All too often, I hear people say that the music industry is dead. Now, maybe that is due to the decline of digital/physical sales, the profitability (or lack thereof) of streaming, or the greed of record labels. I argue that we, as consumers, may have killed the music industry.
In past eras we looked to musicians as people to aspire too; they were better than the average person. David Bowie and Prince were better artists and instrumentalists than us, Michael Jackson was a better entertainer than us, Whitney Houston was a better singer than us. We acknowledged that these people were better than us, and we continued to invest in their careers (legally) because we were hypnotized by their contributions not only to music but to society in general.
Yet, at some point, I would credit the boom of late-90s teen pop, consumers began to prefer relatability to musical ability or proficiency. Late 90s teen pop gifted us classics by Britney Spears, *NSYNC, and the Backstreet Boys, but they were all acts specifically curated for a target audience (teens) that wanted easily digestible music in a conventionally white American package. These acts gained intense notoriety and record-breaking sales not because they were vocal or instrumental prodigies, but because they were young and looked like the average American consumer. Their songs were not as difficult to sing as “Run To You” (Whitney Houston) and their choreography wasn’t as difficult as “Bad” (Michael Jackson) or “Remember The Time” (Jackson).
This trend would continue because once record labels find success in a specific pattern, they run the pattern into the ground. We would get more acts over time that weren’t exceptionally talented but had the relatability factor, i.e., Hilary Duff, Ashlee Simpson, Cassie, Katy Perry, Selena Gomez, Rihanna, Cardi B, Trey Songz, Jacob Sartorius.
Katy Perry. In general, we like her because she has a quirky personality in a traditionally sexy body. She has catchy songs that are easy to sing along to, but her entire career is personality based. Specifically, her music videos almost exclusively live in the camp genre which emphasizes her sex appeal, quirkiness, and funnily awkward personality. She’s a solid instrumentalist, a clunky songwriter, an awful dancer, and a below average vocalist with bad technique and even worse stamina. Nevertheless, she is one of the most successful artists of all time. In addition, there is Cardi B, she’s an average rapper but her outlandish personality and social media influence keep her on top. She is a perfect example of when society gravitates towards character over content, thus blindly overrating the quality of said content. If any other rapper said “it’s like a stamp/lick you like a lamp” they would be laughed off the Internet, yet Cardi is still here. JT of rising rap group, City Girls, recently said, “Cardi opened the door for a lot of normal girls to feel like they could be rappers. I love Cardi for that.” It’s valid to be inspired, but not every person has the God-given talent to be a rapper or singer or performer. If an artist is giving off the impression that anyone can do what they’re doing, then there is a serious problem.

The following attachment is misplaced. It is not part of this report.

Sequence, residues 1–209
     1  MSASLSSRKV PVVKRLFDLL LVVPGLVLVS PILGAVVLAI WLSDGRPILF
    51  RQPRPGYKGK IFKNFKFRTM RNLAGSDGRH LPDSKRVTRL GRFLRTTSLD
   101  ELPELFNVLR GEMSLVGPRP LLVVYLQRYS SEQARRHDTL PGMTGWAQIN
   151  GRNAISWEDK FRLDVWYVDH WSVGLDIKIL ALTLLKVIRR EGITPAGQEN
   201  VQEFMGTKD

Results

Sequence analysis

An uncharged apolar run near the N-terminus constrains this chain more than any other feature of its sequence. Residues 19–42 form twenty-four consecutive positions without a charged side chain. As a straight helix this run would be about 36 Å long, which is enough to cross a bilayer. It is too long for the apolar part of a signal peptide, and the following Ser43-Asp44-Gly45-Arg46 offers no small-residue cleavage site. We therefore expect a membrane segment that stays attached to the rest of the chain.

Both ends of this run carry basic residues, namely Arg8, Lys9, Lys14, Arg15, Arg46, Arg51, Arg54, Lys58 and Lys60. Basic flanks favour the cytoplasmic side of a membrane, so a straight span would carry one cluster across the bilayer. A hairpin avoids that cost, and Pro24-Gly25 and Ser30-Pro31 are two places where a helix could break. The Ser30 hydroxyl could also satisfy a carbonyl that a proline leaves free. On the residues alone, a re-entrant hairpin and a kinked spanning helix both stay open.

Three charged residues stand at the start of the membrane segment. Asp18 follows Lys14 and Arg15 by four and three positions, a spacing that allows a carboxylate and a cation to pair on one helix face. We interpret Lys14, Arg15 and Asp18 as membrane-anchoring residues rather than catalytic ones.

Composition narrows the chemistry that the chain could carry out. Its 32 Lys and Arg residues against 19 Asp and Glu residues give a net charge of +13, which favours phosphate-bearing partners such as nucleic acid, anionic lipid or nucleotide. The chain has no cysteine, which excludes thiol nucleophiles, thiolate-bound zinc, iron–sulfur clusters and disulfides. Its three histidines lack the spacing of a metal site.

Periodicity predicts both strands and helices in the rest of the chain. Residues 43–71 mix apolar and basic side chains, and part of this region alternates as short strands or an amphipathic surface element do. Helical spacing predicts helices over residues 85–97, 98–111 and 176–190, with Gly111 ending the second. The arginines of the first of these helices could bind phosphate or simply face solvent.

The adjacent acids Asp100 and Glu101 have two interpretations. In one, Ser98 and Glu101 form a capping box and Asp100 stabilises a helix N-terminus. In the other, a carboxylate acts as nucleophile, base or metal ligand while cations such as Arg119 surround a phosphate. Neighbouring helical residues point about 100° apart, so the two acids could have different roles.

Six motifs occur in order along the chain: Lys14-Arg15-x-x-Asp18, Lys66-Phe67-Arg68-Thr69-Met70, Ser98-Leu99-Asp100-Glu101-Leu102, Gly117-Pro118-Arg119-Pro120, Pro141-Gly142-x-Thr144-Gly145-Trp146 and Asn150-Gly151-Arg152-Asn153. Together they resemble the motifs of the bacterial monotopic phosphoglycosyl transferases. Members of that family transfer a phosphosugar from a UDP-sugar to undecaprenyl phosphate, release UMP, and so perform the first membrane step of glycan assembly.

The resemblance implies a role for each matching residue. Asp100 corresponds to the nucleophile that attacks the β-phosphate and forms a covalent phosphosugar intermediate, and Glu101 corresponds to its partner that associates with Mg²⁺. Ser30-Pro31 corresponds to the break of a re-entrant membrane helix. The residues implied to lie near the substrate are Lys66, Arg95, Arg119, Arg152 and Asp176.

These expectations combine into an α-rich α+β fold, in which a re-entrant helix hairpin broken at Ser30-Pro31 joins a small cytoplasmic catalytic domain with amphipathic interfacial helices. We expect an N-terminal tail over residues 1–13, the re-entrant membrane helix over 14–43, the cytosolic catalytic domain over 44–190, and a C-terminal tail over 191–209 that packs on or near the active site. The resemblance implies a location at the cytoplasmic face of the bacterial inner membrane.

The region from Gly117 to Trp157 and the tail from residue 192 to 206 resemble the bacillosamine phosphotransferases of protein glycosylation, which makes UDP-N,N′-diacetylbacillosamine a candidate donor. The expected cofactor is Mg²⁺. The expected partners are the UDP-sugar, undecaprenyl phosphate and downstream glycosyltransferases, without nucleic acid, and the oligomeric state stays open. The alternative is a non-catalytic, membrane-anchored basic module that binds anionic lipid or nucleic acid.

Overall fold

Rihanna can hold a note and do some simple choreography, but she isn’t an exceptional vocalist, instrumentalist, songwriter, dancer, or entertainer in general. Nevertheless, Rihanna has the “I don’t give a fuck, I’m a bad bitch that can sometimes be vulnerable” persona that so many people, myself included, gravitate towards. To her credit, Rihanna has undeniably improved her vocal ability and artistry in recent years. This does not negate, however, that her career was launched off of her beauty and catchy tone and sustained through the cultivation of a “relatable” public persona. Also, Selena Gomez, can’t sing or write and she can barely dance or act, yet due to her personality and large social media following, she has amassed numerous hits and the safety net of a major record label.
This phenomenon is not exclusive to female artists, take Trey Songz, for example. He literally sounds like a sheep, or maybe a goat, or maybe both. His lyrics are abysmal and he’s had the same overall image for about thirteen years. Guys relate to him because he’s a ladies man with a gangsta slant, women like him because he’s conventionally sexy, and people generally like him because he has at least one catchy hit song per album. On the other end of the age spectrum, there is Jacob Sartorius, a pre-teen singer borne from Musical.ly. Jacob is absolutely awful at “singing,” he sounds repulsive even with Auto-Tune. However, he has already topped iTunes, and charted EPs and singles on the Billboard charts, because of the backing of a label. His label saw his potential, not through his talent or artistic ability, but through his “pretty” face and large social media following. Not to go on a tangent, but social media has also helped to damage the music industry. Yes, social media has brought us undeniably talented stars like Shawn Mendes (Vine) and Justin Bieber (YouTube), but it’s also given us Silentó, Ayo & Teo, etc. These are artists who are taking up funds and space on label rosters from actually talented musicians.
Maybe I’m over-exaggerating or maybe I’m just plain wrong, but this desire to relate to musicians has left the door open for mediocrity to run rampant and cheapen the art of music. When mediocrity becomes the majority, people feel that their music is no longer worth their money, thus resulting in declining sales and the rise of questionably profitable ways of consuming music. It is okay to acknowledge when people are better than you, this ridiculous “everyone is a winner” mentality is partly to blame for this. I believe that there is still time to change, there are artists that are delivering game-changing albums and beautiful music in the vein of Prince/Bowie/MJ/Whitney, we just need to put our money behind them and legally support their art.